“In an arena known to be dominated by powerful special interest groups, Vitello Consulting has created a niche providing tailored advocacy strategies that are leveling the playing field for wildlife clients on Capitol Hill— And in 2014 we began offering state level advocacy that has negated most of the legislative and regulatory initiatives impacting our clients in state capitols across the country. Please follow The Last Word on Wildlife for insight and analysis particular to the 21st century wildlife sector. If you would like to discuss the advantages of creating a comprehensive business/government affairs strategy, or a more targeted issue campaign, please call or email me.” — Andrew Wyatt
©Andrew Wyatt and The Last Word on Wildlife, 2018. Unauthorized use and/or duplication of this material without express and written permission from this blog’s author and/or owner is strictly prohibited. Excerpts and links may be used, provided that full and clear credit is given to Andrew Wyatt and The Last Word on Wildlife with appropriate and specific direction to the original content. Material posted from guest writers is the sole intellectual property of the author. Please seek permission directly from the author prior to reproducing in whole or in part.
Sun Tzu, the famous Chinese General who wrote the classic text ‘The Art of War,’ said ‘Build your enemies a golden bridge’. He meant corner your enemy, and then rather than fighting, create a path of escape in the direction that you want them to go. The Golden Bridge works by closing off all options except the one you have strategically chosen.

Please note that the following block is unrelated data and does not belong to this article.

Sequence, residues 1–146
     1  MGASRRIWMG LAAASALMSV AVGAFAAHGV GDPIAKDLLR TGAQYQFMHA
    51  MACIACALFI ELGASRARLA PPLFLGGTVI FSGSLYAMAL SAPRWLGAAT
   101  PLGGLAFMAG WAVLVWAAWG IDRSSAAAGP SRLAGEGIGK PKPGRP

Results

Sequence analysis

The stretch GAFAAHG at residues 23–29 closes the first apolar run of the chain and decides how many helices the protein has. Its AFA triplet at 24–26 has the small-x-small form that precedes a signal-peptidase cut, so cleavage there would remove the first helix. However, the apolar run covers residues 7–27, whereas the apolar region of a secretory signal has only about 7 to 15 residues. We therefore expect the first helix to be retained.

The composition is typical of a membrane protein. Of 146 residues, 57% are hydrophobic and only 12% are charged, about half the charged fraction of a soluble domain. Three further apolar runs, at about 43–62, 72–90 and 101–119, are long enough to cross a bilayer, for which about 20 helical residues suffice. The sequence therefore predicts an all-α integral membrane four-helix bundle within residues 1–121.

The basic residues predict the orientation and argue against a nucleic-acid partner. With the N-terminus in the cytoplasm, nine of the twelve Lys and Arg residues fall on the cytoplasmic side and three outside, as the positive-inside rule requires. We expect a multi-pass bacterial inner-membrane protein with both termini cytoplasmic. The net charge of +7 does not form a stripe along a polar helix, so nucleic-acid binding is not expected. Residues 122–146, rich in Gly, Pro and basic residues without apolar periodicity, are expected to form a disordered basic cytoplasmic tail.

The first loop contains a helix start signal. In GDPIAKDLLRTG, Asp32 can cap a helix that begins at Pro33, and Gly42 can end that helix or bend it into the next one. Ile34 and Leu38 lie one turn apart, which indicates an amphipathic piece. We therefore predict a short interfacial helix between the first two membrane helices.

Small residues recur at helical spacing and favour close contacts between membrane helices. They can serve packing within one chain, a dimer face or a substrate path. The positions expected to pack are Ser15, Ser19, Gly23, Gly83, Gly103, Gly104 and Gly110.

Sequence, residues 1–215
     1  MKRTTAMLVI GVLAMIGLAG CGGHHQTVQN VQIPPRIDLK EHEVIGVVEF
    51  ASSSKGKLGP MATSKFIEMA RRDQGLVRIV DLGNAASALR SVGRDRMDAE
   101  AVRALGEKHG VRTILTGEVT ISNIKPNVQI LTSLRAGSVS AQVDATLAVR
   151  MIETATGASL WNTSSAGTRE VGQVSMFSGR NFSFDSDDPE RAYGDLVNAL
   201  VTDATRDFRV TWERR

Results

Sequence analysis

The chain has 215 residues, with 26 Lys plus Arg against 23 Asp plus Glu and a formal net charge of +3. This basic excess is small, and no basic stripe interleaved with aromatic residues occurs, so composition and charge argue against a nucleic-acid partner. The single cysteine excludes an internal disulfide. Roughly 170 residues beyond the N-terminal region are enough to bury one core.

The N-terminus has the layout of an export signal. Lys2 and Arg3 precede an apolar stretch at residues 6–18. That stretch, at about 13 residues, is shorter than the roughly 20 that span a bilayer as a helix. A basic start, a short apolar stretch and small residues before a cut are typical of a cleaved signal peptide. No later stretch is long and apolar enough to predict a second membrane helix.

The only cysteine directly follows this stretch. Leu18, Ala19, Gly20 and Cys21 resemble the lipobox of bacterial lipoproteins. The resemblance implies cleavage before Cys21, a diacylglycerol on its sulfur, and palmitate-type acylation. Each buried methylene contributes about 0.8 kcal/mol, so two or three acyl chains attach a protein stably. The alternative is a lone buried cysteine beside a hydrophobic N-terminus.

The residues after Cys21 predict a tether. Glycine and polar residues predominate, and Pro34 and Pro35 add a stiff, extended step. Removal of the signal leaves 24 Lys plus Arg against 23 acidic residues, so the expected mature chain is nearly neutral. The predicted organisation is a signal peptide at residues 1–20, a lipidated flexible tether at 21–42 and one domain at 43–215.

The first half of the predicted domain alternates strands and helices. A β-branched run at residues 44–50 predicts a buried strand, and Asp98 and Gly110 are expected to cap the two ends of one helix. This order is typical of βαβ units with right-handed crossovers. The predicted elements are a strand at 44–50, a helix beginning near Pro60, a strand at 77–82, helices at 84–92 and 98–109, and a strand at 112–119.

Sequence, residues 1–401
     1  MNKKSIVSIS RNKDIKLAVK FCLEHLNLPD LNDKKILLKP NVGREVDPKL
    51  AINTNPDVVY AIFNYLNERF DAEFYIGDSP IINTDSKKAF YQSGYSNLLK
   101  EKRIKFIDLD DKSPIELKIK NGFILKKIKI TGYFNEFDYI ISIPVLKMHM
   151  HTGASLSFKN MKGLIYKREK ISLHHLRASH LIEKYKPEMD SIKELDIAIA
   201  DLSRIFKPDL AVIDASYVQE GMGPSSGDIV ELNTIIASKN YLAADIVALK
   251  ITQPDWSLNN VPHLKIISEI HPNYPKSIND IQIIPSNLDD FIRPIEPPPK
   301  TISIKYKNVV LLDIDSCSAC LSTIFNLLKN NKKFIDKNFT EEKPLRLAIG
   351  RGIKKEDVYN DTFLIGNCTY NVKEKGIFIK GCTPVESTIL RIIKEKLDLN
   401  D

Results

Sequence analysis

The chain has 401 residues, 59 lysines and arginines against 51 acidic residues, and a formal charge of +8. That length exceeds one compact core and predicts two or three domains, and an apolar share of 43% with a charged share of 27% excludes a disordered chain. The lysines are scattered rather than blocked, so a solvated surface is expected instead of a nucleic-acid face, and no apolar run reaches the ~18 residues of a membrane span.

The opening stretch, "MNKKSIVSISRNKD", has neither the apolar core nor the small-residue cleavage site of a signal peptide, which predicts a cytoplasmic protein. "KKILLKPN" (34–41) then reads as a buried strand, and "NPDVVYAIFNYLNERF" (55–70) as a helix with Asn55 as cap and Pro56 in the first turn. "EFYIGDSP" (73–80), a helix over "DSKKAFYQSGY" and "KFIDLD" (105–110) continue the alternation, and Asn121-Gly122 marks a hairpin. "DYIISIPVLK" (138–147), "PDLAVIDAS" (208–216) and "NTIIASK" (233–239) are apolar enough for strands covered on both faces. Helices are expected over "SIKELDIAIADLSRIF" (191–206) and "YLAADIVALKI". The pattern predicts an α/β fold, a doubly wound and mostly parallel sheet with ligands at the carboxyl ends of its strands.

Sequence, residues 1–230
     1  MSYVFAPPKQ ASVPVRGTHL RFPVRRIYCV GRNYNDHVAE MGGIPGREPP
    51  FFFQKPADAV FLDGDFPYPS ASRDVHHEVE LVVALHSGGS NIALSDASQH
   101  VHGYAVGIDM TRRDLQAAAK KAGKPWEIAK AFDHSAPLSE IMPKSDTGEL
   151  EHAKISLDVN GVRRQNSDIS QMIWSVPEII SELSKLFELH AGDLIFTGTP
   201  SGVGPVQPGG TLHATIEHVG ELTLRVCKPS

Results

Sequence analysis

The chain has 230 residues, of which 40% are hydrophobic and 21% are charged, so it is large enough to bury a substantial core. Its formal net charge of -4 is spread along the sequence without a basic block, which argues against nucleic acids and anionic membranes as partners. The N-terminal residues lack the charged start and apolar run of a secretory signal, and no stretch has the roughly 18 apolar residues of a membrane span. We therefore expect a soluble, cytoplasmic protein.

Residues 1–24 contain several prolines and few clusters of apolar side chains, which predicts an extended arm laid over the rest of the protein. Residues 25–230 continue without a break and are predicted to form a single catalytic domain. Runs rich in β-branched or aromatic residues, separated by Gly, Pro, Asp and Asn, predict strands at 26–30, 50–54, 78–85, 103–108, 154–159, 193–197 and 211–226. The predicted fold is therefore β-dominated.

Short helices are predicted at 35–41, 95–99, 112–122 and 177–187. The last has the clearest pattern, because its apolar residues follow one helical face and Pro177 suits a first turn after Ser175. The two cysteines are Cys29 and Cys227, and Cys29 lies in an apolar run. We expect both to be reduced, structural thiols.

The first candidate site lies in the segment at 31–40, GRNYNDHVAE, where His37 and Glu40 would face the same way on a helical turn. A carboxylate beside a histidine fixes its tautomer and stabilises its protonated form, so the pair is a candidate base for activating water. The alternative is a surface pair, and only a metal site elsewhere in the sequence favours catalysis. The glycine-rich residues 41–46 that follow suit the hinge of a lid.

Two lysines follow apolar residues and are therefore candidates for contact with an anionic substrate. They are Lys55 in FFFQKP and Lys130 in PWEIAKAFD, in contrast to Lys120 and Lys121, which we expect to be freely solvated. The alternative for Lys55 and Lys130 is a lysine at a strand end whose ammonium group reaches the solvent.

A Change in Tactics
Why has Wayne Pacelle and the Humane Society of the United States (HSUS) taken such a proactive interest in the Association of Zoos and Aquariums (AZA)? After decades of opposing zoos and all forms of captive conservation, Wayne Pacelle appears to have changed tactics in his bid to close the book on zoos. What if he could harness the active cooperation of AZA? He may then be able to influence a change of direction from within. To that end Pacelle spent the summer of 2017 speaking about how collaboration between HSUS and AZA is the way of the future. With long time friend and political ally, Dan Ashe, now at the helm of AZA, Pacelle may be empowered to usher zoos into a self enforced obsolescence.
The new twist in the HSUS—AZA partnership was unveiled when Dan Ashe announced that Wayne Pacelle, CEO of the Humane Society of the United States, would be the keynote speaker at the AZA Annual Conference 2017. Ashe added, “[Wayne] Pacelle has an important perspective to share with conference attendees.” Facebook blazed with opposition posts, and an online petition to disinvite Pacelle from the conference garnered more than 700 signatures. Nevertheless, Wayne Pacelle was welcomed as the keynote address.
Will Wayne Pacelle be “invited” to join the AZA Board of Directors?
The HSUS stance on zoos had been straight forward until recent years. HSUS had always opposed zoos and all captive breeding. In the 1990’s HSUS said that, “if the right policies were pursued, we would need no zoos at all.” In 2004, Nicole Paquette, Vice President of Wildlife Protection for HSUS, told the Los Angeles Times that she opposed “keeping animals in zoos.” However in his 2017 address, Wayne Pacelle declared, “The AZA and The HSUS have many shared ideals.”